For management purposes, the Colorado State Forest Service defines forest restoration as restoring healthy, diverse and resilient ecological systems to minimize uncharacteristically severe fires, especially on critical watersheds. Long after the flames are out, land managers and community leaders continue to struggle with the impacts of wildfire on people and ecosystems.
There is much discussion among researchers, practitioners and others about what constitutes forest restoration.
Restoring forest ecosystems involves more than hazardous fuels reduction. Forest restoration is necessary to re-establish structure and function, and protect and restore critical habitat, riparian areas, watersheds and many other attributes.
According to the Society for Ecological Restoration, ecological restoration involves the process of assisting the recovery of an ecosystem that has been degraded, damaged, or destroyed.
For our purposes, we define forest restoration as restoring healthy, diverse and resilient ecological systems to minimize uncharacteristically severe fires, especially on critical watersheds.
Forest Restoration Guidelines in Ponderosa Pine on the Front Range of Colorado.
In areas that experience low-severity burns, fire events can serve to eliminate vegetative competition, rejuvenate its growth and improve watershed conditions. But, in landscapes subjected to high or even moderate burn severity, the post-fire threats to public safety and natural resources can be extreme.
Public and private entities invest millions of dollars to implement emergency measures that protect people, communities and critical resources from post-fire events such as flooding, erosion, mudslides, hazard trees and related degradation of water supplies and storage facilities.
Why Rehabilitation is of Concern
The post-fire condition of a burned landscape directly relates to the type and condition of the forest and the severity of the burn. Fire ecologists use the term burn severity to refer to the effects of fire on soil conditions and hydrologic function. In general, the denser the pre-fire vegetation and the longer the fire burns on a particular site, the more severe the effects on soil and its ability to absorb and process water.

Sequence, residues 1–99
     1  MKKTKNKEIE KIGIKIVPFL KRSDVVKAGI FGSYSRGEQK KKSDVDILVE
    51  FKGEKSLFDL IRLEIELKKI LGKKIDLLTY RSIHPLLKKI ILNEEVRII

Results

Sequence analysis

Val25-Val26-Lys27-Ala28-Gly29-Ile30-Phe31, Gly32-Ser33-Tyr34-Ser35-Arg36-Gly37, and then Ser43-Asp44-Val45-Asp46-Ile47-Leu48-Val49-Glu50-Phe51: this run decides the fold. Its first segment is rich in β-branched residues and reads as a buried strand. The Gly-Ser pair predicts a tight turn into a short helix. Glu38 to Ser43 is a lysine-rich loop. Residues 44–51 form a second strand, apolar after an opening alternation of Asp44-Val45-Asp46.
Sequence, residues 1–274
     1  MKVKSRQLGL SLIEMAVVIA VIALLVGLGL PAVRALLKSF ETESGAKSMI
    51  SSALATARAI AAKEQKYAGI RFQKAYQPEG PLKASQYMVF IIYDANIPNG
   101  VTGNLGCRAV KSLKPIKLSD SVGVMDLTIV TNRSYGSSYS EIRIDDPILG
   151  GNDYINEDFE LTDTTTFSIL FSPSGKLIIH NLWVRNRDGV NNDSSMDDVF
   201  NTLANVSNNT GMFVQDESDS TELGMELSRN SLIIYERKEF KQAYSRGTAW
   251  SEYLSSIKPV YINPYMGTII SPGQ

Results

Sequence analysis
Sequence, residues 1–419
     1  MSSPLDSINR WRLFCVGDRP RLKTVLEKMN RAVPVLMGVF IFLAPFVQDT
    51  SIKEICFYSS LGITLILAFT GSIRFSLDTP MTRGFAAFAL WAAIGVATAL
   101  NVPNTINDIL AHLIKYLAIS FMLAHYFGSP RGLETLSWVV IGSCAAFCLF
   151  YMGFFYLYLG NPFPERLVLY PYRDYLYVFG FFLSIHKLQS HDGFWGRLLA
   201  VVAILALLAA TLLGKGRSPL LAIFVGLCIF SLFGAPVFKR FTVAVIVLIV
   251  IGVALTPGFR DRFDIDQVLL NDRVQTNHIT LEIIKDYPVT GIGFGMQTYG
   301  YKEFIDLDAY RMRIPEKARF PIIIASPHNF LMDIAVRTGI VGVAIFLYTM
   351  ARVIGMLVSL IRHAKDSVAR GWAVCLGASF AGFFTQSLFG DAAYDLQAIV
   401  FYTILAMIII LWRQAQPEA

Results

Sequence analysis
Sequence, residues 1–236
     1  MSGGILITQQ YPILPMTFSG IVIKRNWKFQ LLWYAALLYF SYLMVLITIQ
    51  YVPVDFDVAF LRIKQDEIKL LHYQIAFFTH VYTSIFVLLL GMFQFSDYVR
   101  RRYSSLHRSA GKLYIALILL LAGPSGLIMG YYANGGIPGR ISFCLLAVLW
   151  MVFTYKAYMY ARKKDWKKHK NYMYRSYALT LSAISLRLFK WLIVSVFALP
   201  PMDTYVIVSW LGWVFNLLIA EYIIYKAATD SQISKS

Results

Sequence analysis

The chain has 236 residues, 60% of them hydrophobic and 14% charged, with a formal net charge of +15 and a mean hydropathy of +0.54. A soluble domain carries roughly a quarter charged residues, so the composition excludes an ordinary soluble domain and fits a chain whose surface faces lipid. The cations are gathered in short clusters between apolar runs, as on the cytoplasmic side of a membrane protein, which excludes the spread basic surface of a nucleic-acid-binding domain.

High-severity wildfires remove virtually all forest vegetation from trees, shrubs and grasses to discarded needles, decomposed roots and other elements of ground cover or duff that protect forest soils. A severe wildfire may also cause certain types of soil to become hydrophobic by forming a waxy, water-repellent layer that keeps water from penetrating the soil and dramatically amplifing the rate of runoff.
The loss of critical surface vegetation leaves forested slopes extremely vulnerable to large-scale soil erosion and flooding during subsequent storm events. These risks, in turn, threaten the health, safety and integrity of communities and natural resources that are downstream. The likelihood that such a post-fire event will occur in Colorado is increased by the prevalence of highly erodible soils in several parts of the state and weather patterns that frequently bring heavy rains on the heels of fire season.
In the aftermath of the 2002 fire season, the Colorado Department of Health estimated that 26 municipal water storage facilities were shut down due to fire and post-fire impacts.
Common Emergency Rehabilitation Practices
Seedling trees for reforestation after wildfire can be purchased at the CSFS Nursery.
For more information on Colorado forest restoration and rehabilitation visit our publications page.